Knitting Trends - Accessories
I made a post on 1st Jan looking at trends for garment designs on Ravelry, so I thought I’d do a follow up for accessories. I really love looking at data and hope this is useful for my fellow knitwear designers as well as people just deciding what to knit next!
Where does the data come from?
I used Ravelry’s “hot right now” pattern search, filtered for accessories, only paid for patterns and “new to Ravelry”. I feel like free patterns skew the results – they’re not necessarily “hot” because of the pattern but because of the price tag! I included “new to Ravelry” this time as well. When I did my garment design trends post at the start of January I didn’t do this and I think I got a lot of patterns which have been at the top of Ravelry for months if not years, rather than reflecting current trends.
I only looked at the top 50, so this is more of a snapshot than a definitive study, but I think it gives a good picture of what’s popular right now.
There are definitely categories that I think I could break down further – knit and purl in particular covers a huge range of fabric types from simple stocking stitch to complex textured patterns. When I wrote the post analysing garment trends, I only included one fabric type per garment because there were so many other variables (fit, neckline, sleeve length, hem length….). For accessories, I only had a main category, then one layer of refinement – e.g. neckwear is the main category and that’s refined into scarf, triangular shawl, cowl etc. So I felt like I had more bandwidth to include more detail on the fabric type. I assigned two fabric types to each accessory (if required). This meant I could have e.g. lace and cables rather than picking the more prominent one. I also broke down colourwork into stranded, mosaic, stripes etc.
Broad Garment Types
Number of Colours
Breakdown within Garment Type
What Stands Out from the Data?
There were a lot more complex fabric types than I found in the garment trends -lots of colourwork, textured patterns, lace and cables. I think this must be because there’s such an abundance of free basic accessory patterns out there, if you’re going to pay for an accessory pattern, you want it to be something special. Whereas even basic sweaters are normally “pay for” – a lot of work goes into grading for multiple sizes and getting the fit right for even a stocking stitch sweater. Neckwear was most popular – this is always great for gifting, one size fits all, versatile in terms of what stitch patterns you can use or which weight of yarn.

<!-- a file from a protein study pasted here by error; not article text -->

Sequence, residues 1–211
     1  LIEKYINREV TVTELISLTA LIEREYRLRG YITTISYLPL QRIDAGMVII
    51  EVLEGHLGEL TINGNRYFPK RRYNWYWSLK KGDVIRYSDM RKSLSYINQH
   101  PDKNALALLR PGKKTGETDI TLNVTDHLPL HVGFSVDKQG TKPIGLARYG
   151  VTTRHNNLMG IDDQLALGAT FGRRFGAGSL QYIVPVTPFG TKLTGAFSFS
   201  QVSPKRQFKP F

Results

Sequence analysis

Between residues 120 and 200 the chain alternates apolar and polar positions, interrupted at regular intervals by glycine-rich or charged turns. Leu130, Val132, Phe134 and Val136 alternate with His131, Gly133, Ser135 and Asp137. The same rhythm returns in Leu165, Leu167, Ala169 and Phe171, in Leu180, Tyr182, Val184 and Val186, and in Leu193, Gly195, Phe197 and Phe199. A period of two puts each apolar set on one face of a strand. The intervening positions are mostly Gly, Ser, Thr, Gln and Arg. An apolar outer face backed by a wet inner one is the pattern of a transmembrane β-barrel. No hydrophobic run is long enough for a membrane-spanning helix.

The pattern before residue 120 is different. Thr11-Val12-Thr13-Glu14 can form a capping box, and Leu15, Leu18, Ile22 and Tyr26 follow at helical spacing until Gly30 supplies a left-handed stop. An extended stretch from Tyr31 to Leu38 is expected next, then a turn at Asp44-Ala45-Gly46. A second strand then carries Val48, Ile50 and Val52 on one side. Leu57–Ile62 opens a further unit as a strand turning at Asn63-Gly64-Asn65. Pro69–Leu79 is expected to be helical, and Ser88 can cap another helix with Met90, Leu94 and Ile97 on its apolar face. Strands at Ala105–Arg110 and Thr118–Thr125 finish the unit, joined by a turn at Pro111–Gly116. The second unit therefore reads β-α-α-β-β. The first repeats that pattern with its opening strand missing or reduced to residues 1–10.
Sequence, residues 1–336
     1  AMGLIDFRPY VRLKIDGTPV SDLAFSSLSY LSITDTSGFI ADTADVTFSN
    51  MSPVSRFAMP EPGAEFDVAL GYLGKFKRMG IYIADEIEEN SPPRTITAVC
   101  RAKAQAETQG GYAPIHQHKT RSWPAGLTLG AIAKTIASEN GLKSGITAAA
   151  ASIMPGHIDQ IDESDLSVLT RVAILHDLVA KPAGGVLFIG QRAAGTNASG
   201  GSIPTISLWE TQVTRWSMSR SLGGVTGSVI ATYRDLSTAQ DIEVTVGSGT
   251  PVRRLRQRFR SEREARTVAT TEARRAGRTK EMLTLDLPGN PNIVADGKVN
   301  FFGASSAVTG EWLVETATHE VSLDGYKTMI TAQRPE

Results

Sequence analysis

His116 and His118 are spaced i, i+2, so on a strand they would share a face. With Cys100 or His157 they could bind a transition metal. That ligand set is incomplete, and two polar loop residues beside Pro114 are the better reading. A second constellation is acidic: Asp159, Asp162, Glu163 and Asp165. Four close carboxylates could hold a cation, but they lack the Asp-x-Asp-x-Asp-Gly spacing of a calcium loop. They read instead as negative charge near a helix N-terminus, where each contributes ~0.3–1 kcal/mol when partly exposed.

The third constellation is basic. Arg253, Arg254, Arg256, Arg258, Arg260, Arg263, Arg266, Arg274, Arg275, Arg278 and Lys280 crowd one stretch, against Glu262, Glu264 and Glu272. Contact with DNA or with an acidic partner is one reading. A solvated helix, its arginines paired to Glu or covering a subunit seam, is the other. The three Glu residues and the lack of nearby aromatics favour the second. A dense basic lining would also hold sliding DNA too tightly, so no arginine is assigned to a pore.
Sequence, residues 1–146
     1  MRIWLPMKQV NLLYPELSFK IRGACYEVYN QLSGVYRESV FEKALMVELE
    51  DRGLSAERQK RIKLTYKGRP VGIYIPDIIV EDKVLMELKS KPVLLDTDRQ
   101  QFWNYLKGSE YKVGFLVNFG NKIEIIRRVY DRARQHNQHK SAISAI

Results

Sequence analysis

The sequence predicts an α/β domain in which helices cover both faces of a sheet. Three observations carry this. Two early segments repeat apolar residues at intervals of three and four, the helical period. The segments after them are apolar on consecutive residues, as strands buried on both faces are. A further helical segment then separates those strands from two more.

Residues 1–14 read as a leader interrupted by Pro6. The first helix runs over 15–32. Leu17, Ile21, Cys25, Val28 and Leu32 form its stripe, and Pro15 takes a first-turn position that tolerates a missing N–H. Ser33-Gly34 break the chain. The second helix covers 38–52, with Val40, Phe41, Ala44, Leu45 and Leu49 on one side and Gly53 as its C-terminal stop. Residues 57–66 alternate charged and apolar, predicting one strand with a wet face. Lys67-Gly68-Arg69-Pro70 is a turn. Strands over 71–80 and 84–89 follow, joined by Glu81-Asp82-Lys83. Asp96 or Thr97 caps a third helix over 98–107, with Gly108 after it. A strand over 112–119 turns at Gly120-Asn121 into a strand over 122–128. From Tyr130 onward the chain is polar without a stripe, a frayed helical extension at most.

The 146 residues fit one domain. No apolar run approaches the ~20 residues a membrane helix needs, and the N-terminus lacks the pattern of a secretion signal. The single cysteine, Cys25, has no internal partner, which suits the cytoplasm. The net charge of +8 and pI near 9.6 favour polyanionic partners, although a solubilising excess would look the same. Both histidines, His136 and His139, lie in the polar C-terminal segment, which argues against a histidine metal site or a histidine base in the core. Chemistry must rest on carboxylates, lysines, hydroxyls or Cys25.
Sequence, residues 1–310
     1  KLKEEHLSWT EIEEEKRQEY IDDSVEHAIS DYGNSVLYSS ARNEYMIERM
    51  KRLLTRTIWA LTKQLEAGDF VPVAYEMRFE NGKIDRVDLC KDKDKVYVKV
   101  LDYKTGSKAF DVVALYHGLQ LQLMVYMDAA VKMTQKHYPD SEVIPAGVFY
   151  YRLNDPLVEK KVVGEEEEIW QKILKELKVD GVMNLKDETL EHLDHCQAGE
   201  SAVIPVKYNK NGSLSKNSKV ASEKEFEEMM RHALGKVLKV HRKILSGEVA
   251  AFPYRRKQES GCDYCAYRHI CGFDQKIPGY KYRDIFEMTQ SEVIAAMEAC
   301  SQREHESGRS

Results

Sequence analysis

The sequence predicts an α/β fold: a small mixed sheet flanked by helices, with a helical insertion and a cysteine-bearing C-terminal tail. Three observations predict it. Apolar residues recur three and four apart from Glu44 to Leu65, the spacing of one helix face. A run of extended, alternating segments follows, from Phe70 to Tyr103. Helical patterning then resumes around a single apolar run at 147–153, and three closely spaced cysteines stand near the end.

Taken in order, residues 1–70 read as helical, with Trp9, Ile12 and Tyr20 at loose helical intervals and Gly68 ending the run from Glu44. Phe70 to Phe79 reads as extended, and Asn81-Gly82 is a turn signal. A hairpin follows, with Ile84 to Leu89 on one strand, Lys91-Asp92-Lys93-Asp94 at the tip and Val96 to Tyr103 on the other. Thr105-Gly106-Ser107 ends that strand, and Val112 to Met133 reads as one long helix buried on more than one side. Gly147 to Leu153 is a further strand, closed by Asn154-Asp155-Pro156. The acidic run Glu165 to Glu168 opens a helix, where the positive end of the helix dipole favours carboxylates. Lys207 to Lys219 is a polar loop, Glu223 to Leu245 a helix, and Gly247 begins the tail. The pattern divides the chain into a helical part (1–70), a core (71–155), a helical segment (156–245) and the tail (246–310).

The yarn weights that turned up most often were fingering and DK weight – these accounted for two thirds of all patterns. This is maybe a little surprising given the time of year – I do love aran and chunky weight accessories when it gets really chilly. I think it’s explained by the nature of the fabrics – lace and especially colourwork often work better with finer yarns. A chunky cowl with a stranded fairisle pattern might be simply too bulky to be comfortable. If I hadn’t filtered out free patterns I think there would be a lot more heavier weight yarns in simpler stitch patterns.
Colourwork Triangular Shawls like Thieve's Road (left) proved popular this winter. More complex stitch patterns and multiple colours as used in Dip in the Lily Pond (centre) outperformed basic knit and purl fabrics. Lace shawls like Beinn Ghlas (right) are on trend for Winter 23/24!
What are the Major Trends?
Colourwork is in! Over half of the patterns used more than one colour, and over a third used colourwork techniques (stranded colourworks, stripes, slip stitch, modular colourwork and woven knitting). The most popular colourwork technique was stranded colourwork by a large margin – fairisle is definitely on trend for Winter 23/24.
The three most popular categories, with each type making up 10% of the patterns surveyed, were:
While neckwear is the most popular category overall, colourwork is definitely the most used fabric type. Since it’s easier to work colourwork in the round it makes sense for colourwork cowls to be so popular. The next two most popular categories, each at around 7% of patterns surveyed were:
Lace Triangular Shawls
I wonder if this also ties in with the kind of yarn people were gifted – I know if I’m ever asked what yarn I’d like as a gift I ask for 4ply or laceweight since you only need one skein to make an accessory. Although I have been known to ask my parents for a sweater quantity of aran weight yarn, I wouldn’t ask anyone else to splash out potentially £100 on a gift! Then these lighter weight yarns lead to pattern sales for delicate lace designs. Just a thought!